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I have a sequence of numbers below...

$1, 2, 4, 7, 11, 16 ...$

You get this list by starting at $1$ then add $1, 2, 3, 4, 5 ...$

Given a number $n$, how can I determine if it will show up in this pattern of numbers?

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2 Answers 2

up vote 4 down vote accepted

The $k$th term in your sequence is $1+\frac{k(k-1)}{2}$. [See triangular numbers.] Given your number $n$, you just need to check if it is of this form or not.

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Just to note (not necessarily for angryavian): the true triangular numbers start at $0$. Thus, this is more of a triangular sequence rather than the triangular numbers. Same idea of course, as mentioned above. –  Vincent Aug 19 at 2:57
    
I have no idea how you got that but it works like a charm –  Ogen Aug 19 at 7:49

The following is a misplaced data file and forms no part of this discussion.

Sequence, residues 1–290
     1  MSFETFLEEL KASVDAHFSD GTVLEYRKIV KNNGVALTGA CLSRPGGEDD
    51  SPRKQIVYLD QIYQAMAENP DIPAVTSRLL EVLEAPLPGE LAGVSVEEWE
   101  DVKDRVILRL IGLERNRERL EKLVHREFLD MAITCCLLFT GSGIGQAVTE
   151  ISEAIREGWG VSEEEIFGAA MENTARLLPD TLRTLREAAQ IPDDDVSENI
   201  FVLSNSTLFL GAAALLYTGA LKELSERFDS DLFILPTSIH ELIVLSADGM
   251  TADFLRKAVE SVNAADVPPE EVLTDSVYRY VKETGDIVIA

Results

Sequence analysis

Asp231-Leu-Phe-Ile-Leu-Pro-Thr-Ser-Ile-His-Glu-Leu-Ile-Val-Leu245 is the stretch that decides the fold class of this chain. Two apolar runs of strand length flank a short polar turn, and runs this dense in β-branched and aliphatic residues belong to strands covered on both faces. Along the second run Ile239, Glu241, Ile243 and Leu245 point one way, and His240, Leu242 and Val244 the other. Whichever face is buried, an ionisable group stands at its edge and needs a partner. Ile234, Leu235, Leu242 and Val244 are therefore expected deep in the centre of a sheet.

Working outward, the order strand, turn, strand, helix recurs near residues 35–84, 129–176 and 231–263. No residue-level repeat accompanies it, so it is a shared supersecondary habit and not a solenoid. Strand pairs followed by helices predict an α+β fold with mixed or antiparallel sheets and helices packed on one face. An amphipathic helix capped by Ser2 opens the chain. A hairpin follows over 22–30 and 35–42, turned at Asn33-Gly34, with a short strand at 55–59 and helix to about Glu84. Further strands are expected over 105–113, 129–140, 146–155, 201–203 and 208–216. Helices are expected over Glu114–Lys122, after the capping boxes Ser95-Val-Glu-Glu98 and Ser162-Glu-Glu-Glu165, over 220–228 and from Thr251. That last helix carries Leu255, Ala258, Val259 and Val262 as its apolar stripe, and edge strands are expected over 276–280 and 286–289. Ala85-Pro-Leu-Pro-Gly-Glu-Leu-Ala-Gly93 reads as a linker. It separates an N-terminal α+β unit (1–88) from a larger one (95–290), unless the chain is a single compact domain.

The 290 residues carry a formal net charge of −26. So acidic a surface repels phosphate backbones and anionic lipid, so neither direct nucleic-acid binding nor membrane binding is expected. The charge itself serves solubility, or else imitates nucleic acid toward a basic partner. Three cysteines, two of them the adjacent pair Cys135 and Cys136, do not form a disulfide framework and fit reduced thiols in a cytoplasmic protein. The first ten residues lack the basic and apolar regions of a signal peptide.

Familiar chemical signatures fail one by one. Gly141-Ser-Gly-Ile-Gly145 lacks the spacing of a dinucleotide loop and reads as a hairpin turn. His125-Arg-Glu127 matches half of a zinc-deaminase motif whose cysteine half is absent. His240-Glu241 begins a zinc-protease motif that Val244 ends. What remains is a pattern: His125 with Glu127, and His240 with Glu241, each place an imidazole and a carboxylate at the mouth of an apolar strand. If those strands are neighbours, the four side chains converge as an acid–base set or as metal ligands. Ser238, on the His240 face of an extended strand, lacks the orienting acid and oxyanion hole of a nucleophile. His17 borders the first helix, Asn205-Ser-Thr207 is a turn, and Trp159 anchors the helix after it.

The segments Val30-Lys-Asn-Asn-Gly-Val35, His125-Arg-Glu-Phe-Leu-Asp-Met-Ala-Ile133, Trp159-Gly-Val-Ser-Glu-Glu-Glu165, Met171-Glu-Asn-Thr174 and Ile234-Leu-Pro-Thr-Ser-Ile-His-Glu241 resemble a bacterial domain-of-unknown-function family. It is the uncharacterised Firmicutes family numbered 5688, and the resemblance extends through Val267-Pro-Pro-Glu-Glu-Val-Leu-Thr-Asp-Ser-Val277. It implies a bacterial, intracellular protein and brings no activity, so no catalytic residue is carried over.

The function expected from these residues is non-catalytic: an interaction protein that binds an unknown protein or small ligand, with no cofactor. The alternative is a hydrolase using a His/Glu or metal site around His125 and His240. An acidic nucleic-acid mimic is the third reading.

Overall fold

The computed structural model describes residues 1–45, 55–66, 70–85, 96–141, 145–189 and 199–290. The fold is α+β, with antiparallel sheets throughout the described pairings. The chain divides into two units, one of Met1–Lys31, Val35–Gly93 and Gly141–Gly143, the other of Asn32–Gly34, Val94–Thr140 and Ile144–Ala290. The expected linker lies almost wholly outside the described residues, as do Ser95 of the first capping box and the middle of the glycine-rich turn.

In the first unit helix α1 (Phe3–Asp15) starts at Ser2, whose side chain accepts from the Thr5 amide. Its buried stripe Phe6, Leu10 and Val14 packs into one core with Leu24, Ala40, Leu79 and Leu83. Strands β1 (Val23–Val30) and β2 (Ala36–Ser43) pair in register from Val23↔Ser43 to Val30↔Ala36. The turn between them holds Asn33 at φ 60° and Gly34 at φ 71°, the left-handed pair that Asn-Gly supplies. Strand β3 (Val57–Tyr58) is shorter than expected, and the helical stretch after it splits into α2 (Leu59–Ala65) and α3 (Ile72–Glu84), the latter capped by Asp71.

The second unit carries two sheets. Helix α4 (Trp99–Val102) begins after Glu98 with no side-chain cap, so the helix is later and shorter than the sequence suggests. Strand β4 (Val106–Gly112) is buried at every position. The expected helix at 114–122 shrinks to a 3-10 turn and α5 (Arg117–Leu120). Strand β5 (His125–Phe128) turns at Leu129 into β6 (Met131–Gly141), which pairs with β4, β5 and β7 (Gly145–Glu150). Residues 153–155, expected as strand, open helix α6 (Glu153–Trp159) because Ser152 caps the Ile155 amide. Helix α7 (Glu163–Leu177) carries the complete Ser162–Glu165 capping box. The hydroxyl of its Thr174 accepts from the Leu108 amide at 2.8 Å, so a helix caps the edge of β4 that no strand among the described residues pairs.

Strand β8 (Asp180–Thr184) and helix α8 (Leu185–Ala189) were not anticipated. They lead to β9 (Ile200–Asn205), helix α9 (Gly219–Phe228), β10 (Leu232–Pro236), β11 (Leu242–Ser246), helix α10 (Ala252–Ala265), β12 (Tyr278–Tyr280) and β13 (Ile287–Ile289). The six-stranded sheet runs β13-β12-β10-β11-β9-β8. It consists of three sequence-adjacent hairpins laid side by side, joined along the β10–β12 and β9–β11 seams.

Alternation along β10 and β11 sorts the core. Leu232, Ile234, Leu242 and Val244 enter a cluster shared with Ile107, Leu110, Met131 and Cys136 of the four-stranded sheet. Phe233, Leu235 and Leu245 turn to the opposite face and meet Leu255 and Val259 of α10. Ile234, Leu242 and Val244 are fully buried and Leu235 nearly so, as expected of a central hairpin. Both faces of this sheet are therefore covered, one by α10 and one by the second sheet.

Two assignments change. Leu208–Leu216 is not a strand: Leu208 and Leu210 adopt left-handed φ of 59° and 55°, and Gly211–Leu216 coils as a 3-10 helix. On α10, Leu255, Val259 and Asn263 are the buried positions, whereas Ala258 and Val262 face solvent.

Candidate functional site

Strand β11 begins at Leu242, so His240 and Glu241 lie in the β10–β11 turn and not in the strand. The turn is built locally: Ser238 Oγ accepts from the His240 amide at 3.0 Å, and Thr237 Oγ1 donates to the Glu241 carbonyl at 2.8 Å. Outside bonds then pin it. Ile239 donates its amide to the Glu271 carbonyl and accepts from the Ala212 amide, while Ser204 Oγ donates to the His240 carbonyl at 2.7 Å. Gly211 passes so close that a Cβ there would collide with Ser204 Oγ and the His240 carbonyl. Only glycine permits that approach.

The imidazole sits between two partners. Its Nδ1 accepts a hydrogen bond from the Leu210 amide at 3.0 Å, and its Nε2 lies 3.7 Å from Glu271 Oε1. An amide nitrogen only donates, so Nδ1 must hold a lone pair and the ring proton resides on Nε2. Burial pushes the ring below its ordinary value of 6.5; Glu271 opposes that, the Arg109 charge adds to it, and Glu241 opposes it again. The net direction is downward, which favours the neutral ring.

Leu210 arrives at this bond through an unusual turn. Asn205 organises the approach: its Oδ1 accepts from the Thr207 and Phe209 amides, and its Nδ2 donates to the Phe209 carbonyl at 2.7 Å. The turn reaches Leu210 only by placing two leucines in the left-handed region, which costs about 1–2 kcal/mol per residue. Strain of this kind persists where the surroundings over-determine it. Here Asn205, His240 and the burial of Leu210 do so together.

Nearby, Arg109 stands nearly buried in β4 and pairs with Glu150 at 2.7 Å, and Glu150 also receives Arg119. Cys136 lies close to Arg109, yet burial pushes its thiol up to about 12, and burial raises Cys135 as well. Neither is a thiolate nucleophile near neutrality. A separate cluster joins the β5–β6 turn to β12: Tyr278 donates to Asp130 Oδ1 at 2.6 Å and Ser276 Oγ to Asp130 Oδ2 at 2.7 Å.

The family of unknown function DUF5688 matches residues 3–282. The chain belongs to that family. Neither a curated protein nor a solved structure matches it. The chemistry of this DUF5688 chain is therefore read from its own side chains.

Put another way, take your number, multiply by $8,$ then subtract $7.$ If the result is a perfect square, the number is in the sequence, otherwise no.

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Analogous to that, for just $\frac{n^2+n}{2}$ you can multiply by $8$ and add $1$. If that result is a perfect square, it is in the sequence. –  Vincent Aug 19 at 3:12
    
@Vincent, the given sequence is shifted by a constant, it would be $(n^2 +n+2)/2$ –  Will Jagy Aug 19 at 3:15
    
Yes. I was using your same technique but applied it to the triangular numbers. I thought since this question is very closely related to the triangular numbers is was worth mentioning the application of your method to them. –  Vincent Aug 19 at 3:22
    
@Vincent, I see. –  Will Jagy Aug 19 at 3:23
1  
@Vincent To describe what you have observed, $$8 \frac{n(n+1)}{2}+1=4n^2+4n+1=(2n+1)^2.$$ –  angryavian Aug 19 at 3:53

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